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Genius DeathTaker Professional Gaming Mouse Review Featured

by on22 April 2014 8466 times

In the gaming world there are few things as annoying as not having the right tools to keep up in your favorite game. Just ask any gamer about trying to play with a bad internet or LAN connection, or a slow keyboard or a buggy mouse and you will get an earful. Because of this an entire new industry sprang up a few years ago just to address this. This is the eSports industry and it is a monster. Right now we have a ton of items that are listed as “for gamers”, but the question is: what is really a gaming peripheral and what is not. In most people’s minds a gaming peripheral should be high-end in terms of performance and build quality. It should have features that benefit gaming in multiple ways while having a sense of style and customization. Today we check out a peripheral from Genius named DeathTaker that is allegedly meant just for gaming. Let’s find out if it really deserves the name.

The Box and Goodies -
The DeathTaker’s box is interesting. It has an industrial design with an unusual shape. At first glance I thought the box looked a little like a coffin, but after I showed it to a couple of people they said it looked more like a “cryo-tube”. In reality it does not matter what the intended shape was or is. The box is eye catching with just enough of a tease to get you interested if you were to see this on the shelf.

Genius even gives you a view of the actual mouse once you open the front cover. Under the front cover and on the back you get some pretty detailed information about the features of the DeathTaker which would be very interesting if you were buying this in a store (which most people will not).

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After marveling at the detail of the box we get to what most of you really care about, what’s inside.

Genius provides you with a manual, quick install guide drivers and utilities disk and even a guide for how to use the DeathTaker’s application. In short everything you might need to use the DeathTaker. There is also a small container that holds a few weights so you can adjust the feel of the DeathTaker.

The Genius DeathTaker  -
The DeathTaker is a claw grip style mouse that is surprisingly light for its size. To help compensate for the light weight Genius has thrown in 6 4.5gram weights that you can drop into your DeathTaker to give it a little more substance. The initial light weight of the DeathTaker is due to having plastic as its primary construction material. Those extra weights will come in handy for more precise control.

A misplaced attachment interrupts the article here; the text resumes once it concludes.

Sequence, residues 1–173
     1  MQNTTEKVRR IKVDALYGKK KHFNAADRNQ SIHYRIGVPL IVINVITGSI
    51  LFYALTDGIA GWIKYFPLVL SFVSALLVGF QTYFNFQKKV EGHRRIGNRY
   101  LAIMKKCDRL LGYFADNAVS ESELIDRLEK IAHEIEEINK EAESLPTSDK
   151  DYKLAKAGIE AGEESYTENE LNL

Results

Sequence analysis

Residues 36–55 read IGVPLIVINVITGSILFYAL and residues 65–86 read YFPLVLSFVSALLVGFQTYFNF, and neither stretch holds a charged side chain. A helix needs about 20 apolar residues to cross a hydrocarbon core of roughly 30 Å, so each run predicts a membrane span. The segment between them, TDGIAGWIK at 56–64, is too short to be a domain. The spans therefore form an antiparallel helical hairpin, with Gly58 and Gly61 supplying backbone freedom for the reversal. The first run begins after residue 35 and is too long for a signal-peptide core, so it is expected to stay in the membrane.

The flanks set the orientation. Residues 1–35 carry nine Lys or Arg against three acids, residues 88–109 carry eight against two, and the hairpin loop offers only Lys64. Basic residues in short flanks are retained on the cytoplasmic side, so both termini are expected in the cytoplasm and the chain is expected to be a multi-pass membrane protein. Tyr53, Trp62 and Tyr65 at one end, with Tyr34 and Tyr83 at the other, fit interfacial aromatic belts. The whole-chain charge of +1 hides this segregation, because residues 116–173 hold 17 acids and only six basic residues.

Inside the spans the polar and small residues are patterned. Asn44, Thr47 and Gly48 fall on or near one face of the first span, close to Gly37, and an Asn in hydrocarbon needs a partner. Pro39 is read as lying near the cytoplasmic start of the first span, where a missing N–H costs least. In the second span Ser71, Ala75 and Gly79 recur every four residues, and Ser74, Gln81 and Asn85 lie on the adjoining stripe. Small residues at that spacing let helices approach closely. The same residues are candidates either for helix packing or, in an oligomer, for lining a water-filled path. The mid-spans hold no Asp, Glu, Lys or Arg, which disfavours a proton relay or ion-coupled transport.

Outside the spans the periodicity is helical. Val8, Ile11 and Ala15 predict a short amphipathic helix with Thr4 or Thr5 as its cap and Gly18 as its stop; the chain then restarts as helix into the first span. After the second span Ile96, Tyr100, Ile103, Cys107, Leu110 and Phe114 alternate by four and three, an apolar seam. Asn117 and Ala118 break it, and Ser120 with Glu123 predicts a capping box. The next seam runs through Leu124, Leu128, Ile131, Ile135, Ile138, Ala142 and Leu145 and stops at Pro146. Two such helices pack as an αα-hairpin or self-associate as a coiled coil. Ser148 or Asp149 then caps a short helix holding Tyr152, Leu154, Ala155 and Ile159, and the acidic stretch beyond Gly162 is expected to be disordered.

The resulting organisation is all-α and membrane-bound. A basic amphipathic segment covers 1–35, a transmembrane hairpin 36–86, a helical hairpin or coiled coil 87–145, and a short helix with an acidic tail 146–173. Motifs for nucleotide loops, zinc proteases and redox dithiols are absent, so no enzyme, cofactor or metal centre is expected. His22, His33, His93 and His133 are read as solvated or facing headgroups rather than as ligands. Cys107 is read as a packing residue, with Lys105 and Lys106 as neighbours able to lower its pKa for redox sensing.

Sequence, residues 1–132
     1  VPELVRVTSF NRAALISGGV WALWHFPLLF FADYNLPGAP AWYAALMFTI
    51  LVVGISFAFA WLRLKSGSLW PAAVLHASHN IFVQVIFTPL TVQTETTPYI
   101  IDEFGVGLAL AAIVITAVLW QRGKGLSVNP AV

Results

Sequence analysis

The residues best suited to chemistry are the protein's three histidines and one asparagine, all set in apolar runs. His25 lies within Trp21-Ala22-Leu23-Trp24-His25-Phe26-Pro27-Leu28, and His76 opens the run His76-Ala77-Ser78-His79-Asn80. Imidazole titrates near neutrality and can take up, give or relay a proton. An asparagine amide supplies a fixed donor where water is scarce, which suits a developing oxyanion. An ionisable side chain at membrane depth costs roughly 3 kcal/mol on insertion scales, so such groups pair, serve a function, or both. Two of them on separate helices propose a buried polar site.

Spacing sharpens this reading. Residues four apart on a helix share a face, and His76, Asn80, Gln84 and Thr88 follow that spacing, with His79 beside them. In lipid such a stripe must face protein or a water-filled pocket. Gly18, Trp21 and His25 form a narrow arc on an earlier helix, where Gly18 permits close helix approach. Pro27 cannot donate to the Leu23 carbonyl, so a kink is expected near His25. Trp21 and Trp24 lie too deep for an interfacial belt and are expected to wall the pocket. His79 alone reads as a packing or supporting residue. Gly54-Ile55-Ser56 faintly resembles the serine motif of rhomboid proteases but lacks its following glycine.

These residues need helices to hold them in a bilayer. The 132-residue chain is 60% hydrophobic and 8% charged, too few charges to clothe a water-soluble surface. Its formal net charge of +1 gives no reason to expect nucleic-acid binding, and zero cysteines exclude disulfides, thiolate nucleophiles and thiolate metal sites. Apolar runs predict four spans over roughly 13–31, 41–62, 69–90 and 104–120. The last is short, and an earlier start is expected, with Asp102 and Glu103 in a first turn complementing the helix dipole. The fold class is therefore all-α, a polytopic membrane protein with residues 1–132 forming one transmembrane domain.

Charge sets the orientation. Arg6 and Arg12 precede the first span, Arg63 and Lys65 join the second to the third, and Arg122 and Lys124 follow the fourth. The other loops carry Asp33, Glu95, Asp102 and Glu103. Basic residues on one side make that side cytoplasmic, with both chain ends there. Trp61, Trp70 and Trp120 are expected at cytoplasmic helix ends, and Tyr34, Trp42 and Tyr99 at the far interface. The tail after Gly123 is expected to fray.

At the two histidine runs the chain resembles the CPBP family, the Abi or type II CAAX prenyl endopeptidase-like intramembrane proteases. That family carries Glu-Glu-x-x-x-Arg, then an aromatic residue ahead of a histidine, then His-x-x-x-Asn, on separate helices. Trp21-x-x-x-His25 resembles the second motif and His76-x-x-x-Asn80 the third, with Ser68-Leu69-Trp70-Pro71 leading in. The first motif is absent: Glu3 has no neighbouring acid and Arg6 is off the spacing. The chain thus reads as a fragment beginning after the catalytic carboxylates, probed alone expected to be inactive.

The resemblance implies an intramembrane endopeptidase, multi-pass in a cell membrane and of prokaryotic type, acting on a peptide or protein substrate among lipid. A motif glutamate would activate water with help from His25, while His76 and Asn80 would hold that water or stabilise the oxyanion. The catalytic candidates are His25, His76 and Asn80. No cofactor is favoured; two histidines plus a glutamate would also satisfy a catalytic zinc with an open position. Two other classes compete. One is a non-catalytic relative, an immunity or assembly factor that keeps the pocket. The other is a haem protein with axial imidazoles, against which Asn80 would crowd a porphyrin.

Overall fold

To install them you will need to remove part of the top cover and then pull out a small “tray”.

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Genius lists the DeathTaker as an MMO/RTS mouse which means that it is best suited to Massively Multi-player Online games or Real-Time Strategy games. Both of these typically have a number of commands that are run from keyboard shortcut or through menu items. The way you gear a mouse for this is by giving is a ton of customizable button and the ability to store Macros in the mouse. Genius has done both of these with a total of nine buttons and storage for up to five Macros. You can also create a few profiles just to keep your favorite games separate. You configure both of these through the DeathTaker application (which we will cover below).
Getting back to the specs of the DeathTaker you get an adjustable laser that ranges from 100dpi to 5700dpi. This can be adjusted for both X and Y to match exactly what you want. You can also make adjustments on the fly through the use of a single button near the scroll wheel. This allows you to move between the different levels quickly depending on what you are doing. To ensure that your movements are clean and smooth Genius put nice, wide Teflon pads at the front and back of the mouse. This helps you glide smoothly over whatever surface you are not.

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Like many gaming companies Genius went with a cloth covered cable and a gold plated USB connector. The latter is just for show as the benefit of using gold is so minimal that it really does not matter.